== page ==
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SIR AND. Here's the challenge, read it; I warrant, there's vinegar and pepper in't.
Fab. Is't so sawcy?
Sir To. Give me. [Reads. ] Youth, whatsoever thou art, thou art but a scurvy fellow.
FAB. Good, and valiant.
Sir To. Wonder not, nor admire not in thy mind, why I do call thee so, for I will show thee no reason for't.
FAB. A good note: that keeps you from the blow of the law.
Sir To. Thou comest to the lady Olivia, and in my sight she uses thee kindly : but thou liest in thy throat, that is not the matter I challenge thee for.
FAB. Very brief, and exceeding good sense-less.
Sir To. I will way-lay thee going home; where if it be thy chance to kill me,
FAB. Still you keep o’the windy side of the law: Good,
Sir To. Fare thee well; and God have mercy upon one of our souls ! He may have mercy upon mine®; but my hope is better, and so look to thyself.
8 He may have mercy upon MINE;] We may read—“ He may have mercy upon thine, but my hope is better." Yet the passage may well enough stand without alteration.
It were much to be wished that Shakspeare, in this, and some other passages, had not ventured so near profaneness. JOHNSON.
The present reading is more humorous than that suggested by Johnson. The man on whose soul he hopes that God will have mercy, is the one that he supposes will fall in the combat : but Sir Andrew hopes to escape unhurt, and to have no present occasion for that blessing.
The same idea occurs in Henry V. where Mrs. Quickly, giving an account of poor Falstaff's dissolution, says : “ Now I, to comfort him, bid him a' should not think of God; I hoped there was no need to trouble himself with any such thoughts yet.” M. Mason,
Thy friend, as thou usest him, and thy sworn enemy. ANDREW AGUE-CHEEK.
Sır To. If this letter move him not, his legs cannot: I'll give't him.
Mar. You may have very fit occasion fort ; he is now in some commerce with my lady, and will by and by depart.
Sir To. Go, sir Andrew ; scout me for him at the corner of the orchard, like a bum-bailiff: so soon as ever thou seest him, draw; and, as thou drawest, swear horrible'; for it comes to pass oft, that a terrible oath, with a swaggering accent sharply twanged off, gives manhood more approbation than ever proof itself would have earned him. Away. · Sir And. Nay, let me alone for swearing. [Erit.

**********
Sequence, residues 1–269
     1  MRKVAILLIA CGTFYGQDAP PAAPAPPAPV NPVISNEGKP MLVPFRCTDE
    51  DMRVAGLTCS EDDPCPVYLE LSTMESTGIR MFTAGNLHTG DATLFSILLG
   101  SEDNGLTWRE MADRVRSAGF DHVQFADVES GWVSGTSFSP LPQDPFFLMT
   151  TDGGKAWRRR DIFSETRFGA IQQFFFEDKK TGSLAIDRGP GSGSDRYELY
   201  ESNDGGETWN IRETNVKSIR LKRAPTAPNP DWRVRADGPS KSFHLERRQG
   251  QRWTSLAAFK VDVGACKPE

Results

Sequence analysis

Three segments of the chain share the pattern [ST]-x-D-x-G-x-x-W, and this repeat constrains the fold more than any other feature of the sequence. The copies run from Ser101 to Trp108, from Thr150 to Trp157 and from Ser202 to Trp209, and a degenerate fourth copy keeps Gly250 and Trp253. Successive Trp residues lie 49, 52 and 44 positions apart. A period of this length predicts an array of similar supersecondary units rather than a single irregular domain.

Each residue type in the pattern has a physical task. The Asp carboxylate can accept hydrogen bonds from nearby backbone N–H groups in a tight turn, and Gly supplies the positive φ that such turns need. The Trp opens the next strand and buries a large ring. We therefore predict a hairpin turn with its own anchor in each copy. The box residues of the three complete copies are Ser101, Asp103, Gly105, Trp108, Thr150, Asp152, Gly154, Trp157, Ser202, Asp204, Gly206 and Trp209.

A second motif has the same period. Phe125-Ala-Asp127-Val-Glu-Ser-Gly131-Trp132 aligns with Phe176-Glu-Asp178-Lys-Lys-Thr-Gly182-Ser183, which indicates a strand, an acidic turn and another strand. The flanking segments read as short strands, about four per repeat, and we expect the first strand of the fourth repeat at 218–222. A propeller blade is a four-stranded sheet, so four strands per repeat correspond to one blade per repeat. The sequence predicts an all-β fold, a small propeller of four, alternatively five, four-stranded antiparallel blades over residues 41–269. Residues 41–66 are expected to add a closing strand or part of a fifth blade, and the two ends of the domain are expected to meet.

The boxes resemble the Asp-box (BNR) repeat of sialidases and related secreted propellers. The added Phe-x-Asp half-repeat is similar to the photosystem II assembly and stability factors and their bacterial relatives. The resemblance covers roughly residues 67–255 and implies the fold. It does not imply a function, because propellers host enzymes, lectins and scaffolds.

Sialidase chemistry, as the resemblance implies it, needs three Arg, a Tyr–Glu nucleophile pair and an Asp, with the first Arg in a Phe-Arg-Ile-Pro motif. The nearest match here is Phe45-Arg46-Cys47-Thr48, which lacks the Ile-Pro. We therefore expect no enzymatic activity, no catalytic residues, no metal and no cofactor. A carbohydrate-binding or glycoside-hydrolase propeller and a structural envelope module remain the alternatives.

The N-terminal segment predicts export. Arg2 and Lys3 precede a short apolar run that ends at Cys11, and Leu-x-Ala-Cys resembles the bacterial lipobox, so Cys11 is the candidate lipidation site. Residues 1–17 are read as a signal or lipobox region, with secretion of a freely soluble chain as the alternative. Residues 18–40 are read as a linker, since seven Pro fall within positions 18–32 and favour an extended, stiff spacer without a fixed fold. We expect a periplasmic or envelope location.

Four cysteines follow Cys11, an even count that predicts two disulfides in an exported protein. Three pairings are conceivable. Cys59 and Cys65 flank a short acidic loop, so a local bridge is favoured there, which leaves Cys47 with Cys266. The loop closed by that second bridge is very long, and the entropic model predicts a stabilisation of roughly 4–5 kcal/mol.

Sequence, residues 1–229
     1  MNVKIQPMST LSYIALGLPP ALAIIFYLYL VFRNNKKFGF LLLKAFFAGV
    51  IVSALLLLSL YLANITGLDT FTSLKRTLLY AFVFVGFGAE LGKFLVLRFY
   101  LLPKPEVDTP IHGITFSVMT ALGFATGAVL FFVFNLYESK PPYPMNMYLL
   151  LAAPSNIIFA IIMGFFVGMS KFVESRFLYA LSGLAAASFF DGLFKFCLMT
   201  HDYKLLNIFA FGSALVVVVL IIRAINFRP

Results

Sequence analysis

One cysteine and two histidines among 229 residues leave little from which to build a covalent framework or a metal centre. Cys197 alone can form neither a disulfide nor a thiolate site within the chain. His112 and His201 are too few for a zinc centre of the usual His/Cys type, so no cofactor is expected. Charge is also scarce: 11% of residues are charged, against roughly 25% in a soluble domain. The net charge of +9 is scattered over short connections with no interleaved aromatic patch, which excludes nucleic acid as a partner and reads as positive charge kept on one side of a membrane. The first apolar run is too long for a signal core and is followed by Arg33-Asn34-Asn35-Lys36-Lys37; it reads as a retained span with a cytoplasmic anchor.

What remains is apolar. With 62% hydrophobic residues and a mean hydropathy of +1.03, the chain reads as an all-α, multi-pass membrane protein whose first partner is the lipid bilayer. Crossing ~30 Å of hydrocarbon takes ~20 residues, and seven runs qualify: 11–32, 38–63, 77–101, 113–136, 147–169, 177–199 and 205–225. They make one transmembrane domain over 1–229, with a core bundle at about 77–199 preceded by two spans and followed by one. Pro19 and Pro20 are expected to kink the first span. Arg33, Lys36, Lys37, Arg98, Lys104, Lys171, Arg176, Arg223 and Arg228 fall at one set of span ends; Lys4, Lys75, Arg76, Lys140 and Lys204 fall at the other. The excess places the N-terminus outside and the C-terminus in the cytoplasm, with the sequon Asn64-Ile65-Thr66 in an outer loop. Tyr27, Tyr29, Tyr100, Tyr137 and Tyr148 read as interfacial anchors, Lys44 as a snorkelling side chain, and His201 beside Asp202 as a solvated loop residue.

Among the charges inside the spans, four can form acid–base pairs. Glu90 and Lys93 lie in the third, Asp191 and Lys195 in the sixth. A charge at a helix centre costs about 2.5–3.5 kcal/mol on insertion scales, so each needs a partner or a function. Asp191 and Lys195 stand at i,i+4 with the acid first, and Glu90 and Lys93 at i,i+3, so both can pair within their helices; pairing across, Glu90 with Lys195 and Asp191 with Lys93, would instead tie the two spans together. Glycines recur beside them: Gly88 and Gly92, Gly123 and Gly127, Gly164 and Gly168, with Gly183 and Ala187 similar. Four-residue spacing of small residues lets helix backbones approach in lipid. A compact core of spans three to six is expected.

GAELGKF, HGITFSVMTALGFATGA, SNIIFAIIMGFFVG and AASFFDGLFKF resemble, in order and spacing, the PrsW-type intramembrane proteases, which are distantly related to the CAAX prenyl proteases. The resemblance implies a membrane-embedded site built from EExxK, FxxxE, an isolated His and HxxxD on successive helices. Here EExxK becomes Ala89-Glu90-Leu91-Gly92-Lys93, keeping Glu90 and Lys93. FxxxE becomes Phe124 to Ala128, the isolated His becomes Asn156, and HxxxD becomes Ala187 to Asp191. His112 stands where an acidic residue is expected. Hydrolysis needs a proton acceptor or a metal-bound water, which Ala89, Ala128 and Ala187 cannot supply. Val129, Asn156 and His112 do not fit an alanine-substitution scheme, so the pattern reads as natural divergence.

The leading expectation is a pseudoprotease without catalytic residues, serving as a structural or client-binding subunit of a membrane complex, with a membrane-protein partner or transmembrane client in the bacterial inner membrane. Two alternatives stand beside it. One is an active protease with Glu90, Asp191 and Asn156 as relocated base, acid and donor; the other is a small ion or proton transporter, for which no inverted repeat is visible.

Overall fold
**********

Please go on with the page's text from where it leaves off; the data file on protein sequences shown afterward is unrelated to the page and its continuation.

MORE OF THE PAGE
Sir To. Now will not I deliver his letter : for the behaviour of the young gentleman gives him out to be of good capacity and breeding; his employment between his lord and my niece confirms no less; therefore this letter, being so excellently ignorant, will breed no terror in the youth, he will find it comes from a clodpole. But, sir, I will deliver his challenge by word of mouth; set upon Ague-cheek a notable report of valour; and drive the gentleman, (as, I know, his youth will aptly receive it) into a most hideous opinion of his rage, skill, fury, and impetuosity. This will so fright them both, that they will kill one another by the look, like cockatrices.
Enter Olivia and Viola. FAB. Here he comes with your niece: give them way, till he take leave, and presently after him.
9 — swear HORRIBLE:) Adjectives are often used by our author and his contemporaries, adverbially. See vol. x. p. 438.
Sir To. I will meditate the while upon some horrid message for a challenge.
[Exeunt Sir Toby, FABIAN, and MARIA. Oui. I have said too much unto a heart of stone, And laid mine honour too unchary out?: There's something in me, that reproves my fault; But such a headstrong potent fault it is, That it but mocks reproof. Vio. With the same 'haviour that your passion
bears, Go on my master's griefs.. Oli. Here, wear this jewel for me?, tis my pic
ture; Refuse it not, it hath no tongue to vex you : And, I beseech you, come again to-morrow. What shall you ask of me, that I'll deny; That honour, sav'd, may upon asking give ? Vio. Nothing but this, your true love for my
master. Oli. How with mine honour may I give him that Which I have given to you? Vio
I will acquit you. Oli. Well, come again to-morrow: Fare thee
well; A fiend, like thee, might bear my soul to hell. [Exit.
Re-enter Sir Toby BELCH, and FABIAN.
1- too unchary out:) The old copy reads-on't. The emendation is Mr. Theobald's. Malone.
2 – wear this Jewel for me,] Jewel does not properly signify a single gem, but any precious ornament or superfluity.
Johnson. So, in Markham's Arcadia, 1607 : “ She gave him a very fine jewel, wherein was set a most rich diamond.” See also Mr. T. Warton's History of English Poetry, vol. i. p. 121. Steevens.